Quality Colloquium (QC)
Venue: Harvard University campus
|Event Date/Time: Aug 23, 2006||End Date/Time: Aug 25, 2006|
The Colloquium is not an academic program of Harvard University. It is a program sponsored by the major association sponsors listed on the face of the brochure.
This special edition of the Colloquium will address the issues of patient safety, healthcare quality and medical errors reduction.
is held on major university campuses to facilitate the learning environment,
provides a unique approach to executive education in healthcare,
is intensive and limits capacity so that participants have access to the first rate faculty,
emphasizes networking opportunities with other participants, and
posts faculty materials and secondary source materials to the Colloquium web site.
This special edition of the Healthcare Colloquium Series provides a strategic road map for healthcare purchasers, plans and providers in their efforts to enhance patient safety, reduce medical errors and improve healthcare quality.
The magnitude of the patient safety problem has been well documented by the Institute of Medicine and widely discussed. The Colloquium faculty of national and international experts will dig deeper into the underlying causes of these problems and articulate possible cures.
Many hospitals, clinics, health plans and others have launched a variety of initiatives to reduce medical errors and improve safety. Many such initiatives have enjoyed substantial success in reducing risks and enhancing the safety of patient care in these organizations. The Colloquium will feature case studies in successful efforts in safety improvement and will focus on presentations from organizations and individuals that have succeeded in reducing or eliminating risks to patients and improving the safety of their care.
Harvard University, the oldest institution of higher learning in the United States, was established in 1636 by a vote of the Great and General Court of the Massachusetts Bay Colony, and was named for its first benefactor, John Harvard of Charlestown, a young minister who upon his death in 1638, left his library and half of his estate to the new institution. Today, Harvard has grown to become a great undergraduate and graduate research University, with more than 18,000 degree candidates enrolled.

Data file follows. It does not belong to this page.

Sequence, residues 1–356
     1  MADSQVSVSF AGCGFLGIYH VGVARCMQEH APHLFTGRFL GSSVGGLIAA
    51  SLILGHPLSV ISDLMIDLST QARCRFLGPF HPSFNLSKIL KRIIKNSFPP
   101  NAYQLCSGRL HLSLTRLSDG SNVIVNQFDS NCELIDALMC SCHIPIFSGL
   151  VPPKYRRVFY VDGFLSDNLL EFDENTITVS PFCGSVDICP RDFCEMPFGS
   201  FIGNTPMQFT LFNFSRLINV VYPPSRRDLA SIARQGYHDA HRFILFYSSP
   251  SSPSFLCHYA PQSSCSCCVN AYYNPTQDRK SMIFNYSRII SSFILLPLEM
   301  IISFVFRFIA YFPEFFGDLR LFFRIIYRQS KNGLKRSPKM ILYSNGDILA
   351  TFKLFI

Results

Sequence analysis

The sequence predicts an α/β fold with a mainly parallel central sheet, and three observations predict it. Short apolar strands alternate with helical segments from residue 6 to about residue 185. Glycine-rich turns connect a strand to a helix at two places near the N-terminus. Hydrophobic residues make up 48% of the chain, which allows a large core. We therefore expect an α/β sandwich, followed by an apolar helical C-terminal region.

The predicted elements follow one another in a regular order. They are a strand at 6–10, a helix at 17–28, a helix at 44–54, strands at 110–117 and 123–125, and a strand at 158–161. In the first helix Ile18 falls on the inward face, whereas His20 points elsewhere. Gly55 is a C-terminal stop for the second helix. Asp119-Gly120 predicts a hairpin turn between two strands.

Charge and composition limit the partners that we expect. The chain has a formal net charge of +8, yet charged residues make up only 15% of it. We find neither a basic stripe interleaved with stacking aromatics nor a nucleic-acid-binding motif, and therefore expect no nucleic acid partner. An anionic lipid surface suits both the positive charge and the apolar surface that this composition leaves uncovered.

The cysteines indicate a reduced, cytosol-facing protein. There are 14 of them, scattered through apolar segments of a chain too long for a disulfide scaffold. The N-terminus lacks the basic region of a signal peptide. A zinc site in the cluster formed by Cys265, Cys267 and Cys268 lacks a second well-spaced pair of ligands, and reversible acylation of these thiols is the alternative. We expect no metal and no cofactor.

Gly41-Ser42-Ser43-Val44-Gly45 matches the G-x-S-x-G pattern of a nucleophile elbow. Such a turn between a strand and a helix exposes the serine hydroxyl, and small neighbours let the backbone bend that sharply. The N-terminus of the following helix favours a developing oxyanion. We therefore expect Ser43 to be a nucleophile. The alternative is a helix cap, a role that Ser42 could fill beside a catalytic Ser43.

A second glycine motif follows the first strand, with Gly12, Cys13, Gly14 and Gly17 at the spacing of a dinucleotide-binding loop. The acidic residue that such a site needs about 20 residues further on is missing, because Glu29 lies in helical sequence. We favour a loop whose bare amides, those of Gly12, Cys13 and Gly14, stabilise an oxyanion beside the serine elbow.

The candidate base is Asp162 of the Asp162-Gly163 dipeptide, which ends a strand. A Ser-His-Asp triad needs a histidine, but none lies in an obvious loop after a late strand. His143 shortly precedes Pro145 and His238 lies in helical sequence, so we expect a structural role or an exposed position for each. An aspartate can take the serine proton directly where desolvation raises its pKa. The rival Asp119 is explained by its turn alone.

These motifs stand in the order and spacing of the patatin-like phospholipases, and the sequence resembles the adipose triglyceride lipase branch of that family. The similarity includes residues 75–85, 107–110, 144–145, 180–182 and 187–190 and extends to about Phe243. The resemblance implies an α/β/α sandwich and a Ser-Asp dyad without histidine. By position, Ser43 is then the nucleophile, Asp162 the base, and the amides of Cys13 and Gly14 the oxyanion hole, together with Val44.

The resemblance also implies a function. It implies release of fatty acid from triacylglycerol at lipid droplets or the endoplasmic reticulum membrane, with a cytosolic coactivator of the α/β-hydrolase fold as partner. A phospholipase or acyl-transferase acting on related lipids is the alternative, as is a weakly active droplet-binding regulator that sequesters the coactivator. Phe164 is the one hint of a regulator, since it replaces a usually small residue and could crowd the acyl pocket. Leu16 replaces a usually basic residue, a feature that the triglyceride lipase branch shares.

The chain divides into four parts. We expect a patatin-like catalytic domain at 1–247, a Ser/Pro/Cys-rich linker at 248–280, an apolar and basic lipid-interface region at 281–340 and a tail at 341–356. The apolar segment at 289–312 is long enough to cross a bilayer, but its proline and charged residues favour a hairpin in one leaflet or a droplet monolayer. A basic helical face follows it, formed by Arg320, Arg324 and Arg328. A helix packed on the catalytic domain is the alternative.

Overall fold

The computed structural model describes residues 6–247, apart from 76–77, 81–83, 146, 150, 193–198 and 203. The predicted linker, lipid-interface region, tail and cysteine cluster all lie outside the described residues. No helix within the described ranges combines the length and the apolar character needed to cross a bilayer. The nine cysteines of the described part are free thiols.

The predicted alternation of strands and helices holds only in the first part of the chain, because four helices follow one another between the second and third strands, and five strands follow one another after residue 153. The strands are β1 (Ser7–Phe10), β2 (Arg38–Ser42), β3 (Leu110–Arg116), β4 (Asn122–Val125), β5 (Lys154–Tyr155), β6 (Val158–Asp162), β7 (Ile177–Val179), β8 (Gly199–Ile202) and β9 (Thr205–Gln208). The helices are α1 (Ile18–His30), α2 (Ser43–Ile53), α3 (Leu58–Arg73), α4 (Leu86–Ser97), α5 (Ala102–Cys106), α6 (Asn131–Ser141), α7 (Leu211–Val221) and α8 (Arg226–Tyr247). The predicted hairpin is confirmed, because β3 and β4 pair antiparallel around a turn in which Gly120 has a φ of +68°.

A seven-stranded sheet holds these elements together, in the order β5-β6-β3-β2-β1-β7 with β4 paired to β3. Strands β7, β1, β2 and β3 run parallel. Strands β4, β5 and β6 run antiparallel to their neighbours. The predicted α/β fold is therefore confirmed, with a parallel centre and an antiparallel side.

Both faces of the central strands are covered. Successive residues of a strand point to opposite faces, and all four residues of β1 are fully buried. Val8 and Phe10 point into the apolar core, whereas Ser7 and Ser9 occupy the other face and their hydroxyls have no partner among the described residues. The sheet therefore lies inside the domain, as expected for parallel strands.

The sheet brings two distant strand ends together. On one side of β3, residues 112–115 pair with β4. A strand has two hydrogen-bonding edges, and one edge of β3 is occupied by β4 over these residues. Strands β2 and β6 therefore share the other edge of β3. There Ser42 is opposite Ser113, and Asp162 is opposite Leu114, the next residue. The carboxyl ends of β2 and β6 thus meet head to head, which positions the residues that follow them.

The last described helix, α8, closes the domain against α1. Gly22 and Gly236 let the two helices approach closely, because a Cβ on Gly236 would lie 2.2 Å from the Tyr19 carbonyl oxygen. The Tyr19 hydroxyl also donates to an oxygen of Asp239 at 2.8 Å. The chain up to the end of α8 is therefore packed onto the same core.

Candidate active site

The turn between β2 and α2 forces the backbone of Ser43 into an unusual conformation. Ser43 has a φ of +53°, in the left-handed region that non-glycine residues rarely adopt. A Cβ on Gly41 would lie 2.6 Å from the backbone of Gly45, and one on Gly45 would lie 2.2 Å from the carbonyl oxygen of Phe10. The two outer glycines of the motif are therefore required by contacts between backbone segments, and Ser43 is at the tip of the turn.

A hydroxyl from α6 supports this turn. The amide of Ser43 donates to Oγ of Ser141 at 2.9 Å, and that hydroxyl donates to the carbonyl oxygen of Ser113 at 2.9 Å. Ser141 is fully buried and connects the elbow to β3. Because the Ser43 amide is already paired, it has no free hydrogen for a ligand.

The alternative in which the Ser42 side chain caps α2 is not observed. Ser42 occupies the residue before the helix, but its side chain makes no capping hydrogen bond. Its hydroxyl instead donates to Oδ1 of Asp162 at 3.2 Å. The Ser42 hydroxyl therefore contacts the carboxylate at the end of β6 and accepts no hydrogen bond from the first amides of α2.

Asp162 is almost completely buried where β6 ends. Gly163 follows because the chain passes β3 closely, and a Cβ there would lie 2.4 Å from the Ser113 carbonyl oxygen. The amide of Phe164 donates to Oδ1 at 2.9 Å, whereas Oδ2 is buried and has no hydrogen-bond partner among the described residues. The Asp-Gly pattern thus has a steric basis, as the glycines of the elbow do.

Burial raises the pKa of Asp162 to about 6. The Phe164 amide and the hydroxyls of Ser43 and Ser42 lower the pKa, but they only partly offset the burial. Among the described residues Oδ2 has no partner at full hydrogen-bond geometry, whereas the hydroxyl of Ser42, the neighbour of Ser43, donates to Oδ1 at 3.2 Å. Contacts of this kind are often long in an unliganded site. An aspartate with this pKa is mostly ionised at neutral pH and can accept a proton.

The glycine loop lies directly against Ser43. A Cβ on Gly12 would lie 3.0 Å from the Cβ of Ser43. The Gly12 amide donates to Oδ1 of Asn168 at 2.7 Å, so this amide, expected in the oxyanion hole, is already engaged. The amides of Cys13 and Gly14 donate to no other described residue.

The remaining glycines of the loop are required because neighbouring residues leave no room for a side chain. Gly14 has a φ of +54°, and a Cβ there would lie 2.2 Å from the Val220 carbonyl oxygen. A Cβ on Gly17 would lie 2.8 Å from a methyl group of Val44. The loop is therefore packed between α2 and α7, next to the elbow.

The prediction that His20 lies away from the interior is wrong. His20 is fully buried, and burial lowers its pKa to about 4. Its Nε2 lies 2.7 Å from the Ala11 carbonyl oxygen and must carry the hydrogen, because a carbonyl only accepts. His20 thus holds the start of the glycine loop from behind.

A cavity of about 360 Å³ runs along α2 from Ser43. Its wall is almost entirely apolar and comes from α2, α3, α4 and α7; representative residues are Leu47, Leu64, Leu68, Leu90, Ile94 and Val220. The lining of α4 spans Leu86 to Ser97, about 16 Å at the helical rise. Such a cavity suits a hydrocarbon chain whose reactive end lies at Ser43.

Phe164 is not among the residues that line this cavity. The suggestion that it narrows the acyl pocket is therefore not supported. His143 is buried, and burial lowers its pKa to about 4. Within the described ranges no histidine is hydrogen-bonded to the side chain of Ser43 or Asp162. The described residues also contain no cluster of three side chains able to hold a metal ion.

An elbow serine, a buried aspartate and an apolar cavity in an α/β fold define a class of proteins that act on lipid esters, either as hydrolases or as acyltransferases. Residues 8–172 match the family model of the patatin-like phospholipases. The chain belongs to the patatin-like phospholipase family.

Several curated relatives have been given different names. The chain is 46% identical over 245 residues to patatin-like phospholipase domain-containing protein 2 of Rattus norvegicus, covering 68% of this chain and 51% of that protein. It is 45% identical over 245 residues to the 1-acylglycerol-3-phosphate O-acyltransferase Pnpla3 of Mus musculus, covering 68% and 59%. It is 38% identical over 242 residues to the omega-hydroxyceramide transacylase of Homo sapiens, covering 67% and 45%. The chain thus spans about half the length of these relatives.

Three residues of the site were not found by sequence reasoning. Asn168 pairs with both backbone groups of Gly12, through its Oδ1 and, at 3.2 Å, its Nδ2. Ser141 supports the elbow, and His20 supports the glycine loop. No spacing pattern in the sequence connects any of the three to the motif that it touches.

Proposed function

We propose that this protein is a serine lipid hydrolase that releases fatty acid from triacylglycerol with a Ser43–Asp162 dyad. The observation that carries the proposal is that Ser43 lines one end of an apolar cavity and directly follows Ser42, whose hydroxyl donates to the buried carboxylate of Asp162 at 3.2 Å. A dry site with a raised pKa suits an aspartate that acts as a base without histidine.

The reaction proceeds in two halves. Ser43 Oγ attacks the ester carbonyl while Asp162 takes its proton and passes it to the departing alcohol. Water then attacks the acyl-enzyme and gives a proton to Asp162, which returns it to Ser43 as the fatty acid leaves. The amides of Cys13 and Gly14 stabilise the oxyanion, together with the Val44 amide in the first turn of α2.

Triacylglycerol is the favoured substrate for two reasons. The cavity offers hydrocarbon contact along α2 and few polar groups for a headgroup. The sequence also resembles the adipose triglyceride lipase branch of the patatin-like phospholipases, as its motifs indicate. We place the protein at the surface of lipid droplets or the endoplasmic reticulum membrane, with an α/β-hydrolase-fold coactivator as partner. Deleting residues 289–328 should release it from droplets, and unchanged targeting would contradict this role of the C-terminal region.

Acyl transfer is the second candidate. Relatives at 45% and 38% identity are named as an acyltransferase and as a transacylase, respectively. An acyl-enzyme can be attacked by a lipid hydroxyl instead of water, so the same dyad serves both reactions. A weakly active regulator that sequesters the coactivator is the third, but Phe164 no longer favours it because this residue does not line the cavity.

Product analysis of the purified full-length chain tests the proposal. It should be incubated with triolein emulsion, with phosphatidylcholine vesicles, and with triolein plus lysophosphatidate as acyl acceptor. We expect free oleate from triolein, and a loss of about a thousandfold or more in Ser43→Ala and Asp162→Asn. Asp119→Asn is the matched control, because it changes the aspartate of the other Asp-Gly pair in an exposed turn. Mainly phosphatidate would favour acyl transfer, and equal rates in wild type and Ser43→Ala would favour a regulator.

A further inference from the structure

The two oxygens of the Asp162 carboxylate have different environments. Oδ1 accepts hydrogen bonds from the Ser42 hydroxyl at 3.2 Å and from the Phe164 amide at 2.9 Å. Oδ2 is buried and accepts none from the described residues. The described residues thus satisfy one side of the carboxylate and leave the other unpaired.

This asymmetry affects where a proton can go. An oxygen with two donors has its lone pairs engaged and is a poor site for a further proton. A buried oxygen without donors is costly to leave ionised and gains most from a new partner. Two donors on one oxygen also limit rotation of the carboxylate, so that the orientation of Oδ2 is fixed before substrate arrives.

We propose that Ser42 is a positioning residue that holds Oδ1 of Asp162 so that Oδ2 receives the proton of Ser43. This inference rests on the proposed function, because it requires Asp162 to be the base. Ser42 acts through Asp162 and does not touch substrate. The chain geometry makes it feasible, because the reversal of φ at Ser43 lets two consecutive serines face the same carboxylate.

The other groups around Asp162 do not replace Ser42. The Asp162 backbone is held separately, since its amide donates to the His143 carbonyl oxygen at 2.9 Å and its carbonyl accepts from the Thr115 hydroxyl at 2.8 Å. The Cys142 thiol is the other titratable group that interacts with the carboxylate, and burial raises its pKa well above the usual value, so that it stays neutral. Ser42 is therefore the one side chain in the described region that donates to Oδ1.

The Colloquium takes place on the campus of Harvard University. Morning, afternoon and evening classes are held in Annenberg Hall of the Sanders Theatre Complex. Named in memory of Roger Annenberg, '62 and inspired by the great halls of Oxford and Cambridge Universities, this room is arguably the most impressive space at Harvard.
For years Harvard students took major examinations at Annenberg Hall. It has also been the site of many significant ceremonies. The great Henry James described Annenberg Hall in The Bostonian as "the great bristling brick Valhalla....that house of honor and hospitality which... dispenses...laurels to the dead and dinners to the living."
Who Should Attend:
Senior Clinicians Engaged in Medical and Ancillary Practice
Trustees of Health Care Organizations
Employers and Healthcare Purchaser Representatives
Health Insurance and Health Plan Executives
Hospital and Health System Administrators
IPA and Medical Group Managers
Patient Safety Officers
Quality Assurance and Risk Management Experts
Healthcare Consultants, Venture Capitalists and Investment Bankers
Healthcare Attorneys and In-House Counsel
Health Service Researchers and Health Policy Experts
Registered Nurses, Pharmacists and Other Allied Health Professionals
To render an overview of the healthcare quality and medical errors challenges facing American healthcare.
To share and discuss specific successful patient safety innovations that can be applied by healthcare organization within fiscal constraints.
To suggest strategies to successfully design and implement patient safety innovations in hospitals, health plans, medical groups and other healthcare settings.
To describe the respective roles of government, accrediting bodies, the press, employers, technology and information systems, hospitals and health systems, physicians and physician organizations, pharmaceutical and device manufacturers, and patients and families in stimulating and supporting patient safety improvement.
To implement a practical program of patient safety officer training.